10 Oct Does consumer behavior change or is it a constant?
There have been many articles recently that say that consumer behavior changes. In the advent of social media, consumers are now behaving differently. It’s been troubling me for a few years, so I thought I would ask.
Does consumer behavior change?
Let me be controversial here and hypothesize that consumer behavior doesn’t change. Consumers are simply responding the way you would expect, except that their information sources are now different.
For marketers consumer behavior is based on how consumers make all of those tiny little decisions that lead to some purchase decision. On the whole, consumers don’t change, they just receive different stimuli, different information. The only time consumers actually decide differently is when they become educated about a particular topic or their life circumstances change. In this case their preferences actually change. Unless it’s a sudden life event, consumer preferences that drive how they evaluate different products only evolve slowly through education.
If an individual becomes unemployed, the preference for ‘every day low prices’ moves to the top. I hypothesize that their preferences have changed and therefore their core consumer behavior has changed.
If an individual becomes educated on the ill effects of plastic and bisphenol A (BPA), the preference for products in glass bottles or aluminum cans goes up. I hypothesize that their preferences have also changed in this case and therefore their core consumer behavior has changed.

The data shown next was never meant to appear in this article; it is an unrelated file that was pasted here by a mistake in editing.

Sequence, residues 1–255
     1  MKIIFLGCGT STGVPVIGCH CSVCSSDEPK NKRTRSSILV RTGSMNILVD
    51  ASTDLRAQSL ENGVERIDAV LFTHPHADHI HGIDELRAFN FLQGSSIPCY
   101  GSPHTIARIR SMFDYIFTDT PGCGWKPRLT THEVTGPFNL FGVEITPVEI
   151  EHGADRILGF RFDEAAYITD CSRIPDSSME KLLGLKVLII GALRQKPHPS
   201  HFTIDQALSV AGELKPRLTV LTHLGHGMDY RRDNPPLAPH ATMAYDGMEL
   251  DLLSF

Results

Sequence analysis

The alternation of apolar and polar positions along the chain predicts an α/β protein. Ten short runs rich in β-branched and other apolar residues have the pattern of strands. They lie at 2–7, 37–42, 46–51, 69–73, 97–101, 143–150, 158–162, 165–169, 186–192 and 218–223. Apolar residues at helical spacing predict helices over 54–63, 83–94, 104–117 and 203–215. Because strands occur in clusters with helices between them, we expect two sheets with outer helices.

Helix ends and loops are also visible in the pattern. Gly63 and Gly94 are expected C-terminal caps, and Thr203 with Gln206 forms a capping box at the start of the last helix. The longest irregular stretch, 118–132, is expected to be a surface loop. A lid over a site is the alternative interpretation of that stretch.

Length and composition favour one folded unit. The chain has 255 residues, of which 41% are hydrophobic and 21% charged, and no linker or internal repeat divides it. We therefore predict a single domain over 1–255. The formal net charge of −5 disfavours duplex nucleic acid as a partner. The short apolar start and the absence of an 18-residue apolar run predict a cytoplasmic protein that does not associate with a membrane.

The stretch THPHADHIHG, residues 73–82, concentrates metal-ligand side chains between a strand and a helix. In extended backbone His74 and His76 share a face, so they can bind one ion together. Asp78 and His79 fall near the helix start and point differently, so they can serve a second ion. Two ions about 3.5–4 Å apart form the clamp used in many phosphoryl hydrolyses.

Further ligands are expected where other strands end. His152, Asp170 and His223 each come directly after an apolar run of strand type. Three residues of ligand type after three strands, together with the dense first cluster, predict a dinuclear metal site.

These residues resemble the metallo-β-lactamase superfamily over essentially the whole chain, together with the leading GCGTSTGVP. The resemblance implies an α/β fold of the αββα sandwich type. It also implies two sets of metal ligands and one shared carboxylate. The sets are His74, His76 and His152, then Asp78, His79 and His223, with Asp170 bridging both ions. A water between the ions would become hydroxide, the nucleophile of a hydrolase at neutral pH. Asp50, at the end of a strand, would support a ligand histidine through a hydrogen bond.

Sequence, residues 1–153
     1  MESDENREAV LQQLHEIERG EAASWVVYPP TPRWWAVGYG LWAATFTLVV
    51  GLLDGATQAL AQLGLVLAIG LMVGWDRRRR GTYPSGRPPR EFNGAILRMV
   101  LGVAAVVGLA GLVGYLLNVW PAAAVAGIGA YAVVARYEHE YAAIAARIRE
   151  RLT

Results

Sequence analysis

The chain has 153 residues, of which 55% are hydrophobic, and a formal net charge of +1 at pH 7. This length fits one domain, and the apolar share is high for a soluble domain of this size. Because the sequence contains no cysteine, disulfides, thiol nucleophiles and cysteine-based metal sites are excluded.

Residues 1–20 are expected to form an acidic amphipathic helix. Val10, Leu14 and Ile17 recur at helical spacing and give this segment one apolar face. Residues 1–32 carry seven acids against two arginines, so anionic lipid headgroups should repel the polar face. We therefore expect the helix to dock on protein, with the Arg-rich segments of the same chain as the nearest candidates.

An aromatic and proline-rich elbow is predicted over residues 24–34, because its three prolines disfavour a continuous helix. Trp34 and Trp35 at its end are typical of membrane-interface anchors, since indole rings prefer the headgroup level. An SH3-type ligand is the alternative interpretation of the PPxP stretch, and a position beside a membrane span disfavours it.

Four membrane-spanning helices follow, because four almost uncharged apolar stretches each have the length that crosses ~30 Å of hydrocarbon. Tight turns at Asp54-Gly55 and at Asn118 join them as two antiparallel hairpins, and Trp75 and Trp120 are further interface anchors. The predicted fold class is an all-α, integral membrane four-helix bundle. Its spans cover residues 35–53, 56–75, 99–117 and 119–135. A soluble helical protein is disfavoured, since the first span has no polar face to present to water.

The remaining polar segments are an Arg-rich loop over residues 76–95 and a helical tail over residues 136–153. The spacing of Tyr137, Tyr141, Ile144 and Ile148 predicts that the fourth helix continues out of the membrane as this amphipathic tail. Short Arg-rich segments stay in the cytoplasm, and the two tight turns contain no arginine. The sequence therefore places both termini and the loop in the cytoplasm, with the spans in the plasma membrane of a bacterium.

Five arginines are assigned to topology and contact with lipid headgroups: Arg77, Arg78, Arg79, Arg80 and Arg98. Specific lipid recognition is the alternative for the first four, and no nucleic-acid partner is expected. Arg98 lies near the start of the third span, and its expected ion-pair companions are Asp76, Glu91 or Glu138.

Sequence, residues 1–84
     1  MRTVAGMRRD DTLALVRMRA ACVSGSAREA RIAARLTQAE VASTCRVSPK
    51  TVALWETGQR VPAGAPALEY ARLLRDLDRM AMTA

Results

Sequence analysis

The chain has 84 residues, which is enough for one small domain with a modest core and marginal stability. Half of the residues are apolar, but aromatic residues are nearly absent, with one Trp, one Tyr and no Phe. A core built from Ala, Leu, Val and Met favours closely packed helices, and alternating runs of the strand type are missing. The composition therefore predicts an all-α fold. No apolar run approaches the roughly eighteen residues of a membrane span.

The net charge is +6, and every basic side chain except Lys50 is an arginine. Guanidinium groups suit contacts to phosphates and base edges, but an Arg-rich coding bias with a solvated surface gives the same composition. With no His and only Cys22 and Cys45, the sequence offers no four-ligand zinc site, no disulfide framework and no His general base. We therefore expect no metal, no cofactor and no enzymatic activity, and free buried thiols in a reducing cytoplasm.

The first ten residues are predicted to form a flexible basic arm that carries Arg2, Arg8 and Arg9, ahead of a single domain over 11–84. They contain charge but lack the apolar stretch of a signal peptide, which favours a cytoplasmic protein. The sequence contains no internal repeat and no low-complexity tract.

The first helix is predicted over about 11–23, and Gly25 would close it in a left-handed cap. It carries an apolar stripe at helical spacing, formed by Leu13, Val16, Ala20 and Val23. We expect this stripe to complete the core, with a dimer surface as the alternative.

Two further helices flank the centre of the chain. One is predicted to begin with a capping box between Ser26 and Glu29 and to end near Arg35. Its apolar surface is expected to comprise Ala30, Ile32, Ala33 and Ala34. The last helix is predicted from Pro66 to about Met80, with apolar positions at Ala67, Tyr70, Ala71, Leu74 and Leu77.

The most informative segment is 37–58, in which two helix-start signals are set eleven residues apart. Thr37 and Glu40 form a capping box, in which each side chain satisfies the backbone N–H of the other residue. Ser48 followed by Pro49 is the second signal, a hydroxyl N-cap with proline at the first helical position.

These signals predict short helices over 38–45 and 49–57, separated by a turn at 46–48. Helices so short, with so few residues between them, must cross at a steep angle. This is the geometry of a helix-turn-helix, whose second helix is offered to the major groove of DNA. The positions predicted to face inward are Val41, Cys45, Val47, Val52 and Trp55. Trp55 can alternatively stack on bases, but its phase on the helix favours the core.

In both of these cases, a consumer’s preferences have actually changed. The way they make decisions has changed.
On the other hand, if the consumer hasn’t lost his/her job or hasn’t seen any recent documentaries on the ill effects of plastic, when the consumer goes in to the store, they will make their purchase decision in the same way that they always have, based on their perceptions of the brand, the value of price, and all of the other well-known drivers of purchase decisions.
So how does this apply with social media?
In pre-historic times (i.e., pre-Facebook timelines), if someone were to want to buy a TV, they would ask their friends, ask their family or ask the guy in the office that’s the TV expert and then they would make a purchase.
In post-historic times, (i.e., post-Facebook timelines and social media in general), they would go online, they would visit a few reviews sites, they would post a question on their Facebook page. Then they would go out and make a purchase decision. Did their purchase preferences (the reason why they chose one brand over another) change, or did they simply have a different set of information – maybe better, maybe not, but most likely different? Did their preferences now change, affecting how they make all those tiny little decisions finally culminating in an actual purchase? Or did their preferences stay the same, but their information sources were now different and hence they may have come to a different decision?
Or is it a combination of both, because the education process took a different turn and they were swayed one way or another, because they didn’t talk to that expert in the office, but traded posts with 10 pseudo experts in their social graph?
I think this is critical, especially as we look at the purchase process and where and how marketers can insert messages into their consumer’s daily lives to drive the purchase decision in their favor.
Let me know what you think.